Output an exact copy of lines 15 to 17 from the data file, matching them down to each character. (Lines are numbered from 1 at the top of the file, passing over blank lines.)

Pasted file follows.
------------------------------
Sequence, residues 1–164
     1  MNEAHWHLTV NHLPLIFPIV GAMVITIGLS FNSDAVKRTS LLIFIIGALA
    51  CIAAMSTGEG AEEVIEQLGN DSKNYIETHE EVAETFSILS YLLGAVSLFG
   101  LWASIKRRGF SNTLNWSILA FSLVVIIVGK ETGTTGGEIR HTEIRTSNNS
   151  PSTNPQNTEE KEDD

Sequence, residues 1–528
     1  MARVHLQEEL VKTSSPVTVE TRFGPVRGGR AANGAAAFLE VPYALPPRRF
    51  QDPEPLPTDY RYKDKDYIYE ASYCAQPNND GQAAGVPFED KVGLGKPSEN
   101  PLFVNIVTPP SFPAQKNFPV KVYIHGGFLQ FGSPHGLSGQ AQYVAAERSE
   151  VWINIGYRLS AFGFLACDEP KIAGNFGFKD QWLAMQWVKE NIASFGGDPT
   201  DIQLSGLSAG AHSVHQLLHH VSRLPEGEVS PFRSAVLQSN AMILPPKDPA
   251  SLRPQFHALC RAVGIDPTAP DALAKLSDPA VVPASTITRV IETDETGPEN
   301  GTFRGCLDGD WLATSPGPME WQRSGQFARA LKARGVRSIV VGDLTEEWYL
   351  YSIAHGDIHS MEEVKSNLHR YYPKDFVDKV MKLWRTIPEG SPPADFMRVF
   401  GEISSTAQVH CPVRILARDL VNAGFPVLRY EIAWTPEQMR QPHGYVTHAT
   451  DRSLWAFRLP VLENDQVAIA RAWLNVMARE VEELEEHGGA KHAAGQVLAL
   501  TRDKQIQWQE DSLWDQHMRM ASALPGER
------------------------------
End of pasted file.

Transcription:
   401  GEISSTAQVH CPVRILARDL VNAGFPVLRY EIAWTPEQMR QPHGYVTHAT
   451  DRSLWAFRLP VLENDQVAIA RAWLNVMARE VEELEEHGGA KHAAGQVLAL
   501  TRDKQIQWQE DSLWDQHMRM ASALPGER